Would you take responsibility?

I wonder in what ways our lives are similar and our lives are different.  Is it possible to try to step into someone else’s shoes?  How do I attempt to wrap my head around the lives and daily struggles of the women we met at Gramshree, or those of the mothers in Dharavi?

As I try to understand the lives of others, I know that I am a kid trying to feel my way around in a dark cave.  But I can bring it back to myself in order to make more sense of what I’m trying to do.  As an international student and dual citizen, I recognize many similarities between the Korean and American ways of life, but also differences that are not compatible at all – only understandable when you understand those ideas and concepts as they are, without comparison and without the lens of another culture.

I think of my two-year stint as an admissions tour guide at Andover.  I think about how little the student or family actually knows about Andover after a tour.  I, and other tour guides, all embellish details according to our own biases and completely gloss over the harder edges of Andover, on one hand to disguise the uglier realities of Andover, but also doing so because it’s not easy to explain those things to someone who isn’t part of the Andover community.  I wonder what angles I completely missed during my tour of Dharavi.  I wonder what ways of life in Dharavi  I just cannot comprehend right now.  It’s a scary but reassuring thought that I just can’t understand another person’s life with ease. 

But I also think there are some things that I am seeing that just don’t seem right.  Forget the open-minded and humble soaking in that I consciously make an effort to do.  Some things strike you deep down inside in that place where your innate morals lie.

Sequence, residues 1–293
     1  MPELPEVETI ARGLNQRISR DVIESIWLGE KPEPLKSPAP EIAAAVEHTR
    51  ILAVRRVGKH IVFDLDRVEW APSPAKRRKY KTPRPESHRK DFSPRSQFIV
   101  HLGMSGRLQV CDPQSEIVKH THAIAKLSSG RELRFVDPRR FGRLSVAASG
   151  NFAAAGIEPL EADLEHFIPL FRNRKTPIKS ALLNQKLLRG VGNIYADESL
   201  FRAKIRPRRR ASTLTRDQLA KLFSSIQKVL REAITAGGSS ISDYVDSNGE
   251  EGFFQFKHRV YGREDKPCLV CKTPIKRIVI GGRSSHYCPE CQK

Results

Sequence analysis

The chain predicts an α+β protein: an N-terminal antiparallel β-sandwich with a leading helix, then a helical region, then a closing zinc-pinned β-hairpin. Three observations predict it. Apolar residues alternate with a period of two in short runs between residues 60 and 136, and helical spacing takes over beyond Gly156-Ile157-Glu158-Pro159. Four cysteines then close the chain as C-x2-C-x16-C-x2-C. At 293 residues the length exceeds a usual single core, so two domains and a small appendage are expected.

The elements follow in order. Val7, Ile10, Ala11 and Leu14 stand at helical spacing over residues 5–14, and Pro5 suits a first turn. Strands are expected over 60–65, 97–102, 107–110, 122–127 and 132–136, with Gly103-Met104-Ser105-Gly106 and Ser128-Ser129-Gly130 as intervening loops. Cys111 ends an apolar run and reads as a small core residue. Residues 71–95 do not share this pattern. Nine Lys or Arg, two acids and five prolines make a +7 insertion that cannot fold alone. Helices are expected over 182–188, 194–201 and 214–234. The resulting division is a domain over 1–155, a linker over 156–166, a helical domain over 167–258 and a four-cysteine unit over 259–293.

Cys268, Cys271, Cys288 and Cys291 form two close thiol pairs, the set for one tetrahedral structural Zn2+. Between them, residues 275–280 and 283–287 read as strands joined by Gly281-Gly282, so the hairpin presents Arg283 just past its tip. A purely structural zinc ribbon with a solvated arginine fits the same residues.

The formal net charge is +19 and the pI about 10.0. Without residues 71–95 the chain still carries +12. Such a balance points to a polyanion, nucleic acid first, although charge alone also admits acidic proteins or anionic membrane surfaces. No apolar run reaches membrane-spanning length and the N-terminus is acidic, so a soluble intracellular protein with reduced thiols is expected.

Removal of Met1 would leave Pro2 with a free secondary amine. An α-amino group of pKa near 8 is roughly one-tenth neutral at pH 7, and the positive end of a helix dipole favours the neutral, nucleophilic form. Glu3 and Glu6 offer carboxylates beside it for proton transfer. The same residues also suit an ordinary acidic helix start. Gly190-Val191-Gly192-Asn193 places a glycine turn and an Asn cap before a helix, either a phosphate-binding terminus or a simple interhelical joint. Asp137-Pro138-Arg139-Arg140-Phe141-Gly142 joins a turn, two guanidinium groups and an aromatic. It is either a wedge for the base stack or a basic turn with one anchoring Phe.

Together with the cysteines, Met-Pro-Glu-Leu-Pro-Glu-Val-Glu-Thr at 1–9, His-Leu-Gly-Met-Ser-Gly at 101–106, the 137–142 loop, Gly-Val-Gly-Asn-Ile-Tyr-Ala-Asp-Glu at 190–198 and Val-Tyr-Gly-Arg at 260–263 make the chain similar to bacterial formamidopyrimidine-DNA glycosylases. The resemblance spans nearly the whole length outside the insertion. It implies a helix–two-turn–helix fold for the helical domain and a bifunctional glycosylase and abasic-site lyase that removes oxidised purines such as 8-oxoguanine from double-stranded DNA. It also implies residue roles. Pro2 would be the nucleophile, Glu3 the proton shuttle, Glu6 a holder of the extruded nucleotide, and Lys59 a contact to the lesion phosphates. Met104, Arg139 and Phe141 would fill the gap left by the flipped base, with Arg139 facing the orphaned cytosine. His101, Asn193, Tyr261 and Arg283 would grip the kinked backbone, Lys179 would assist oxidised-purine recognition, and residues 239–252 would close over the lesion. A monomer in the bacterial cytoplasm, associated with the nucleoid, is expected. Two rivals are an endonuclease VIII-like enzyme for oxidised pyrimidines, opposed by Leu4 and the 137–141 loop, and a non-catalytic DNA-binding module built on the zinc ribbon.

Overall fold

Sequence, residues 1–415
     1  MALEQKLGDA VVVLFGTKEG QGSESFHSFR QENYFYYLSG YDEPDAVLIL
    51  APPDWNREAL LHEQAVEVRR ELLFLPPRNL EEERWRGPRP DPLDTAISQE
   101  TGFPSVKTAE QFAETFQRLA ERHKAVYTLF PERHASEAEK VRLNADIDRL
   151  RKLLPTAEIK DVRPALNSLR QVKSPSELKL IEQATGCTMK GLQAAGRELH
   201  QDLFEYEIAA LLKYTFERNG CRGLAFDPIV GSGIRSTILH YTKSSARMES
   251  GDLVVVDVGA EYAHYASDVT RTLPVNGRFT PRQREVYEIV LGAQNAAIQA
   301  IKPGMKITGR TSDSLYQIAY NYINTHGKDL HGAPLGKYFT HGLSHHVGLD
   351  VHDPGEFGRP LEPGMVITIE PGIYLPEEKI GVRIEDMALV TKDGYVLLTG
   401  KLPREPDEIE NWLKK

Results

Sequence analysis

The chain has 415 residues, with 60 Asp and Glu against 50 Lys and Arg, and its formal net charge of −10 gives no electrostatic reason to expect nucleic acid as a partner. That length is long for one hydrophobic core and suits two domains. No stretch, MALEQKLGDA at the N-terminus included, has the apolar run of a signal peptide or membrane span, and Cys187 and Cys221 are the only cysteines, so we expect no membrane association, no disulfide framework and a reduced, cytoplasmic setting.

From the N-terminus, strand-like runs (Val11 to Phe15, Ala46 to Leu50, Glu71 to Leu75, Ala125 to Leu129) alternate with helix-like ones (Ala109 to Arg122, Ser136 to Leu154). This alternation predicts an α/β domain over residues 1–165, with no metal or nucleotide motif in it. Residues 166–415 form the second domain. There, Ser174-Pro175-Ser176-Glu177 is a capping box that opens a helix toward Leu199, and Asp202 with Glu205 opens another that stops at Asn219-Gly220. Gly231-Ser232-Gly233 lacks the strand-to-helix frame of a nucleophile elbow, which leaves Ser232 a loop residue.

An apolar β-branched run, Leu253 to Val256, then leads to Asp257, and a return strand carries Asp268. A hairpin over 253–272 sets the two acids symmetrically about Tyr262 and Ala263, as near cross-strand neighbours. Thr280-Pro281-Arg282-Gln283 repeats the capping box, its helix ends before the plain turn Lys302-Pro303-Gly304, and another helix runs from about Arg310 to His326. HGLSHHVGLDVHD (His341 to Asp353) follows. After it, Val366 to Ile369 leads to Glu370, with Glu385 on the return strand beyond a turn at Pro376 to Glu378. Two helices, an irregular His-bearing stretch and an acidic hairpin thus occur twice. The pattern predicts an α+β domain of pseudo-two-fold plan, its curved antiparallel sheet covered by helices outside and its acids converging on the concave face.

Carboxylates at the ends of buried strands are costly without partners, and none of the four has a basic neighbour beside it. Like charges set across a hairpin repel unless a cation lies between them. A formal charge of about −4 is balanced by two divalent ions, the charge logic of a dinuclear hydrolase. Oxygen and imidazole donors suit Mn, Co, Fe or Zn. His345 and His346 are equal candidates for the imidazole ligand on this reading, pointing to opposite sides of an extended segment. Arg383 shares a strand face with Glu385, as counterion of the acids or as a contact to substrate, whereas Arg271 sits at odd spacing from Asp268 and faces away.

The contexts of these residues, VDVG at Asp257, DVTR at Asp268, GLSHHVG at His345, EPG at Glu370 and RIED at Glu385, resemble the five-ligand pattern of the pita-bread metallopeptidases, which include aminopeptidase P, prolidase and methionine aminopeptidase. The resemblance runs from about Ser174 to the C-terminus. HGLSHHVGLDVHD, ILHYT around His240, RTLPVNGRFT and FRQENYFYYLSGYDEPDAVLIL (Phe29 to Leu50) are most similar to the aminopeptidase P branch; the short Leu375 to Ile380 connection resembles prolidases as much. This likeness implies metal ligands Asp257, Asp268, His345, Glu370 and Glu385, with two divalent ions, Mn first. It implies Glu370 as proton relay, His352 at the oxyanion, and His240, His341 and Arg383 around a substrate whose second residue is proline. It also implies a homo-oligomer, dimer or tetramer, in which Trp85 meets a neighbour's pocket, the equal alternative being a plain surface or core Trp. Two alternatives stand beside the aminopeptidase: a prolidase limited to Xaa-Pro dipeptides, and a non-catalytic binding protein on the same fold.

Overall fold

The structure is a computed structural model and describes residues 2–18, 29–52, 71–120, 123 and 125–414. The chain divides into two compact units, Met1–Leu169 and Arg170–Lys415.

Many migrant laborers in Dharavi work hours and hours on end without safety measures (and thus, for example, inhale toxic fumes from melting aluminum everyday) in order to support their families back home.  Many of these men are not paid for their long hours of strenuous work and cannot pay for their own housing.  It could be that these men find great community amongst each other under the factory roof and feel a great depth of love and joy when they reunite with their families and friends – two powerful things that I may not have experienced before.  But the fact that these men work for so long under unhealthy and dangerous conditions to barely make money is not right.

I’m not saying that these men are living a “wrong” life – it is our collectively dehumanized society that oppresses these men into working under dehumanizing conditions.  It is our thirst for material wealth and consumerism that stuffs these men into the “mudsill” class of our society, doing the most dangerous, physically strenuous, and essential jobs.  I am guilty of it, too.  By not actually knowing the realities of these laborers, I am guilty.  By buying items that were once forged by these workers’ hands, I am guilty.

There are smiles, but commenting only on these smiles would speak to a dangerously miniscule fragment of the story.  “Oh, these people are happy,” might be a true statement in some cases, but it’s a dangerous way to gloss over the actual, comprehensive stories and struggles of the many people we saw in Dharavi and other communities.  Because I am human and I have a heart, I need to learn more and take responsibility.